In order to maintain relevance in an ever-changing world, diplomacy and politics must adapt. Understanding how to operate in a world which runs online is crucial if modern diplomacy is to accurately reflect the views of – and engage with – citizens.
Enter the age of digital diplomacy.
Governments, politicians and diplomats have already begun to embrace technology and social media as a tool to interact with voters and citizens. World leaders are joining Twitter. Ministers are hosting live streamed discussions and panels. Policymakers are crowdsourcing public opinion on major decisions.
The social media buzz around the recent G8 Summit in Lough Erne is testament to diplomacy’s move into the digital space.
In order to build a better understanding of how the conversations about the G8 were developing on social media, we analysed global Twitter data in the run-up to, throughout, and immediately following the 39th Summit.
Through an analysis of top hashtags, volume and geography, we were able to develop a picture of the key issues being debated and who was driving the conversation on the Twittersphere.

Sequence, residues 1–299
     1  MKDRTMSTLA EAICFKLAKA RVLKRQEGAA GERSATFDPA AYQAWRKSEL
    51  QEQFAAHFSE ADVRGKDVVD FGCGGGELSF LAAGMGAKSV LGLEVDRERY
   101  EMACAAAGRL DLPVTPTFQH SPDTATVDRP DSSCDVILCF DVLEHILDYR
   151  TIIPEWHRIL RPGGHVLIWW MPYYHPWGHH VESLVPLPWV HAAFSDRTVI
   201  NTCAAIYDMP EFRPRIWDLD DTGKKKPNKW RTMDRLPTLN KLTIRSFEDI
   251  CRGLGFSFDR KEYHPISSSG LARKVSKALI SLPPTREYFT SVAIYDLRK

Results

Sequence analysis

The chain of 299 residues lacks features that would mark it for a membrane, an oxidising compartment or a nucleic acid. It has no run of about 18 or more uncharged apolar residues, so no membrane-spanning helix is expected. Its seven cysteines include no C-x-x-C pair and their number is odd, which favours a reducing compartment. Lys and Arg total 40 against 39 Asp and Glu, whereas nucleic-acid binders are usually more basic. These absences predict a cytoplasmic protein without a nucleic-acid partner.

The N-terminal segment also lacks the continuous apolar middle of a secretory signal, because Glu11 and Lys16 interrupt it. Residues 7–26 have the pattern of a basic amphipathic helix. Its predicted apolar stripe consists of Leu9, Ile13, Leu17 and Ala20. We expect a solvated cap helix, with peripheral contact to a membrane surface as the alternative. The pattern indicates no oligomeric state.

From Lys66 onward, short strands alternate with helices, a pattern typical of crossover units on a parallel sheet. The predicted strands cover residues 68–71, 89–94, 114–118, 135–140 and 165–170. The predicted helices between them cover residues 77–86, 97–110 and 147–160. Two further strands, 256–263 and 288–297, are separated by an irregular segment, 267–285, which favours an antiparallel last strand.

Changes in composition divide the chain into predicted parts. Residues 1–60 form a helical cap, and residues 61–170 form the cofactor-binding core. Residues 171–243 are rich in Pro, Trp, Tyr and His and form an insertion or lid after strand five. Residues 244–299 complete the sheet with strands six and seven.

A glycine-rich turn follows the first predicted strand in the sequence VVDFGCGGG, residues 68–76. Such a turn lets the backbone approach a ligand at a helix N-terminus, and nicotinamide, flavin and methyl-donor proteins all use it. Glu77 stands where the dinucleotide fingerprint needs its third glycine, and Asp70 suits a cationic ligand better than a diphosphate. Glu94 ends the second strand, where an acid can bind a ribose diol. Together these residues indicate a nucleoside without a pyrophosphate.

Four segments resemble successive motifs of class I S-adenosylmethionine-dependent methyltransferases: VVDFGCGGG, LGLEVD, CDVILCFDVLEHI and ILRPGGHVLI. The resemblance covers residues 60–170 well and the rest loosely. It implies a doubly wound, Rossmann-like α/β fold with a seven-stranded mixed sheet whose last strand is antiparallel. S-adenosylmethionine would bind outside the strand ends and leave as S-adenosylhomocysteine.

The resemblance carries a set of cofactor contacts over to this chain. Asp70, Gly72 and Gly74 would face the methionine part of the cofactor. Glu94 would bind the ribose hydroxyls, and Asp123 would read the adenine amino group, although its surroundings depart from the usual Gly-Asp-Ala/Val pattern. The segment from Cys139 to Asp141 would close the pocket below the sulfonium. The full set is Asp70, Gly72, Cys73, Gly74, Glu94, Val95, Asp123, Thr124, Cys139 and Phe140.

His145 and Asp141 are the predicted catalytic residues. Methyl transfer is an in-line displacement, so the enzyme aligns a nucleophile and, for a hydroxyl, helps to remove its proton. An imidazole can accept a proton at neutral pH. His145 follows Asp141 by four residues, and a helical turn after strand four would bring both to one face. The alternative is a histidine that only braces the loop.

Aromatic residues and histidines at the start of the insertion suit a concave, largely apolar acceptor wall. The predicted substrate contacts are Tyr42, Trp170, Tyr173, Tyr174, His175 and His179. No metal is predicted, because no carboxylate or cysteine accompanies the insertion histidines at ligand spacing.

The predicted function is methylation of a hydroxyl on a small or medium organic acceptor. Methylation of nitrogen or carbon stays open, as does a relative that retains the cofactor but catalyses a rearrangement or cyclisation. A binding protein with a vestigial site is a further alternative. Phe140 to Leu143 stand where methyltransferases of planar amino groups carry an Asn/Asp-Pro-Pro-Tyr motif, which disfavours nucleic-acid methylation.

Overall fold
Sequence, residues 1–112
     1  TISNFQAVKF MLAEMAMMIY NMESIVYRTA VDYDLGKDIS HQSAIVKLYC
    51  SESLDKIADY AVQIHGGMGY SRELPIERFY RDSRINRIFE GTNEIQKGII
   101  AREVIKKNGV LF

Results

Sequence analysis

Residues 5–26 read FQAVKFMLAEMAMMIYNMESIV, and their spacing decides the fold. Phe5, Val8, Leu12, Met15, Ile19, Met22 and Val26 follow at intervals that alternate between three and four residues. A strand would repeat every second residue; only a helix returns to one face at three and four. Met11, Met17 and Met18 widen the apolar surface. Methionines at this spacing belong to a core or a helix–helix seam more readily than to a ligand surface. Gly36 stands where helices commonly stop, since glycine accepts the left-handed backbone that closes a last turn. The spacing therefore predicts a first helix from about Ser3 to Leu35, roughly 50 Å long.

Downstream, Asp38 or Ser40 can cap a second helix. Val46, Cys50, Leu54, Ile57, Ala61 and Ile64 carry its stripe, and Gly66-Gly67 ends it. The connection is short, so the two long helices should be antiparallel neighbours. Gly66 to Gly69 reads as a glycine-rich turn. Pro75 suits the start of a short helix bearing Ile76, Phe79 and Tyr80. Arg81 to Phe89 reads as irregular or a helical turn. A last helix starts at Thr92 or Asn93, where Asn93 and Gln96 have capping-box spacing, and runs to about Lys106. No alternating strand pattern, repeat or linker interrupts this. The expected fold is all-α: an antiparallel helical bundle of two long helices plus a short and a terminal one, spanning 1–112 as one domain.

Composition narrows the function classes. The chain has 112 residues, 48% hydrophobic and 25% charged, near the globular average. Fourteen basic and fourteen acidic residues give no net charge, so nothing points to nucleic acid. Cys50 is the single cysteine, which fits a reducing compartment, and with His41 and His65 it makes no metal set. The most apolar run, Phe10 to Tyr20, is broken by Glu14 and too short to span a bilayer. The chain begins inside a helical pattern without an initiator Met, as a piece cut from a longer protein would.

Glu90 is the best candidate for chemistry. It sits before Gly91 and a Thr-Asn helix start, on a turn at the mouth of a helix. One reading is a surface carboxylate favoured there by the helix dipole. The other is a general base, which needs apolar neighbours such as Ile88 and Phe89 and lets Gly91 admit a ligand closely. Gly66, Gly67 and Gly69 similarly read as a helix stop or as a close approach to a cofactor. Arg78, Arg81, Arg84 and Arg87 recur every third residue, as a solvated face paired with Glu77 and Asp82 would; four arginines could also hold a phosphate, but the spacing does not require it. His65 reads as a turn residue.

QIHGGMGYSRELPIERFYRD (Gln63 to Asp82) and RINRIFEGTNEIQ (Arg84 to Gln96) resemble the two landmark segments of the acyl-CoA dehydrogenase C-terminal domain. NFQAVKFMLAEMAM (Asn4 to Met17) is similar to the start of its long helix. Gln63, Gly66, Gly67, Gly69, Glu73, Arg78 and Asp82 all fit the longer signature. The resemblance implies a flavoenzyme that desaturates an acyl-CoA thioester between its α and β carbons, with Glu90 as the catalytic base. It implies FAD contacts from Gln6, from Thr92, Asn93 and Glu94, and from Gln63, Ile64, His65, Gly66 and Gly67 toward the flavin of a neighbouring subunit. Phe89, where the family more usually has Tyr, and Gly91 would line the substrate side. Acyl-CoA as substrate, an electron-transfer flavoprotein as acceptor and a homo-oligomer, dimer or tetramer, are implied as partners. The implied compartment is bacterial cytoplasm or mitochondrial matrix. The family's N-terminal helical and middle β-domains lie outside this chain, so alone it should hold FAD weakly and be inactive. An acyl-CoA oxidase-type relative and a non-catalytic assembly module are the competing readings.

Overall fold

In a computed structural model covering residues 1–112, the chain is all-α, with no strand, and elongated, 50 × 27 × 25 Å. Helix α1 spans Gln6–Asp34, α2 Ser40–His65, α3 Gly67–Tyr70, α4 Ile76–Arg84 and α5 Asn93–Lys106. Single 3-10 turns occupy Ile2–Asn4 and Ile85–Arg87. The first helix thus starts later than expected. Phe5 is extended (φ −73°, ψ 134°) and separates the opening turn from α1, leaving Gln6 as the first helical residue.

We found that:
- The UK government’s campaign around Tax, Trade and Transparency managed to gain traction but long-standing issues such as Syria, Turkey and the Occupy movement remained significantly more prominent
- Within the UK government’s campaign around Tax, Trade and Transparency, the issue of tax achieved the most resonance by a considerable margin
- Celebrity endorsement is a powerful means of cutting through the Twittersphere. Conversation on sexual violence, for example, spiked with a single tweet from Angelina Jolie
- Twitter interaction related to the G8 spiked around the summit but there was little sign of a successful campaign of engagement and debate in the run-up to the summit
- The reach of the G8 through Twitter remains truly global with tweets coming in from almost every country in the world, with the US and UK serving as hotspots of Twitter activity
- Officials and governments take digital diplomacy very seriously and invest considerable resources in Twitter engagement around major set piece events such as the G8 summit.
Our full report, Digital Diplomacy & the #G8, can be downloaded here, or you can browse the document below.
The report contains commentary from some of the world’s leading voices on digital diplomacy, including: